Implementing the Mediator Pattern in .NET with MediatR Package
IT Tips & Insights: A step-by-step guide to implement the Mediator Design Pattern in order to create a function that’s easy to maintain, test and expand.
By Lucas Negrini, Software Engineer
The mediator design pattern tells us how to handle communication between objects without creating high coupling dependencies. Today, we’re going to take a look at how to implement it using the MadiatR package in .NET.
Why use the Mediator pattern?
This is a Behavior Design Pattern that seeks to solve the issue of chaotic dependencies between objects. It encapsulates how a set of objects interact, promoting loose coupling, as no object will know how to create an instance of another and refer to it directly. This helps us to follow the Single Responsibility Principle. The only instance that will know these rules is the Mediator class, and in our case, MediatR will do this job.
In this example, let’s say that we’re developing a banking system and need to create a new user. After we create the new user in the database, we need to notify the user via email and start an internal process to define his credit limit.
The service responsible for making this happen would look something like this:
We would have a controller receive the create request. To create the necessary UserService instance, we could either instantiate it directly or inject it into the controller. Then, we would call the UserService’s create method, referencing it directly to ensure the correct method is invoked.
Similarly, on the Service side, once its task is complete, it would also need to know which component to invoke next.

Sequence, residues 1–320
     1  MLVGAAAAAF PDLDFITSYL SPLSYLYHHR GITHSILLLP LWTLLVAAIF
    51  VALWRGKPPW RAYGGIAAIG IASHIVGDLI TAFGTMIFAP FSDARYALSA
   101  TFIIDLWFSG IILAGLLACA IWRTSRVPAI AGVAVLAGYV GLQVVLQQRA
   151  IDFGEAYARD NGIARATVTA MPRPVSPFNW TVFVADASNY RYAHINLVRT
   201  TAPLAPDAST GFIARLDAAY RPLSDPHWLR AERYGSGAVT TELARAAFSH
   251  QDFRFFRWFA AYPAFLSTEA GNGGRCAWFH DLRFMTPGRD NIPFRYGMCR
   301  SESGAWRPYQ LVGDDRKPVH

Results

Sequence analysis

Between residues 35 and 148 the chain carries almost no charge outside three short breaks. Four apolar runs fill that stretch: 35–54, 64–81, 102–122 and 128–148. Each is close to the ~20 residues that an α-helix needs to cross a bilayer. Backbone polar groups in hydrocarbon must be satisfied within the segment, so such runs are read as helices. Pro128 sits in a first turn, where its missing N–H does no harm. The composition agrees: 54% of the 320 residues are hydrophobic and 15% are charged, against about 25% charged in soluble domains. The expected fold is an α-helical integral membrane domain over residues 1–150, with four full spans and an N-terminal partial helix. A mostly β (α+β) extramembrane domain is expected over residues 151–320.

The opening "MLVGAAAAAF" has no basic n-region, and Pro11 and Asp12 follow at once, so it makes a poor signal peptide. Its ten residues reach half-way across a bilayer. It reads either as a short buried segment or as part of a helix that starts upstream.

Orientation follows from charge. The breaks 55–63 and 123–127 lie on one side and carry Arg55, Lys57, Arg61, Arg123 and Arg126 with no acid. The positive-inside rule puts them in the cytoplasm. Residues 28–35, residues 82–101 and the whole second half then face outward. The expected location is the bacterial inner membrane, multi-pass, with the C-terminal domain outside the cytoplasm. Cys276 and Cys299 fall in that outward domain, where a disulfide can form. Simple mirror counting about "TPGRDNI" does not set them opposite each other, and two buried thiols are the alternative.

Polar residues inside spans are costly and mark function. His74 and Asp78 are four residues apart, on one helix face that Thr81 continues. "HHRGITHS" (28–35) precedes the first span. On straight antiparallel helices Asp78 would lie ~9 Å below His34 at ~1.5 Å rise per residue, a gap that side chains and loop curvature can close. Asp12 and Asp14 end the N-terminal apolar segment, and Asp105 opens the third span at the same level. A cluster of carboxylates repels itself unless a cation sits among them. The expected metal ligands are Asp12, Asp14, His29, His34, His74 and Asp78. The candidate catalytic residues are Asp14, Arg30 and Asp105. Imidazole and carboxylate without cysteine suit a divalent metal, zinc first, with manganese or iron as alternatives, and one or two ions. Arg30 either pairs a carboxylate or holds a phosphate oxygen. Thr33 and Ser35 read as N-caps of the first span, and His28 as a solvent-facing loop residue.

Now let’s refactor this code and let MediatR handle the communication between these classes for us:
First we’re going to add the IRequest interface and create a new class that implements the IRequestHandler interface. This is the way the mediator knows who to call whenever it is required.
Then we’ll remove the reference to our IUserService in the controller and add the reference to our mediator. It should look like this:
And our handler will look something like this:
Now every time we create an instance of the UserRequest class somewhere in our code base and pass it to our mediator in the Send method, it will route our logic to our CreateUserRequestHandler class and we don’t need to know how to instantiate it.
But there’s still one part of the problem we didn’t solve. We still need to notify the user and start the credit validation. For this, we’ll use MediatR’s notification feature.
Again, we’ll create a new class that now implements the INotification interface from MediatR, like this:
Then we’ll create NotificationHandlers for all the other steps we need to accomplish:
The service that creates the user doesn’t need to know what happens after it finishes its job, or who it needs to call. So if we need to change anything in this process in the future, (ex: sending a push notification), we only have to add a new NotificationHandler and our mediator will handle the rest. We can just create a new instance of our UserCreatedNotification and publish to the mediator like this:
There you go, now we have a method to create a user that only depends on the mediator and the database, that’s easy to maintain, test and expand if necessary in the future.
Hi, I’m Lucas Negrini from Curitiba, Brazil. I’m a back-end developer that has worked with .NET for more than 4 years. I currently work as a Fullstack .NET/Angular developer at Softensity, constantly learning from the team and the challenging projects I find myself collaborating on. Thanks for taking the time to read this entry. I’m open to any comments or questions.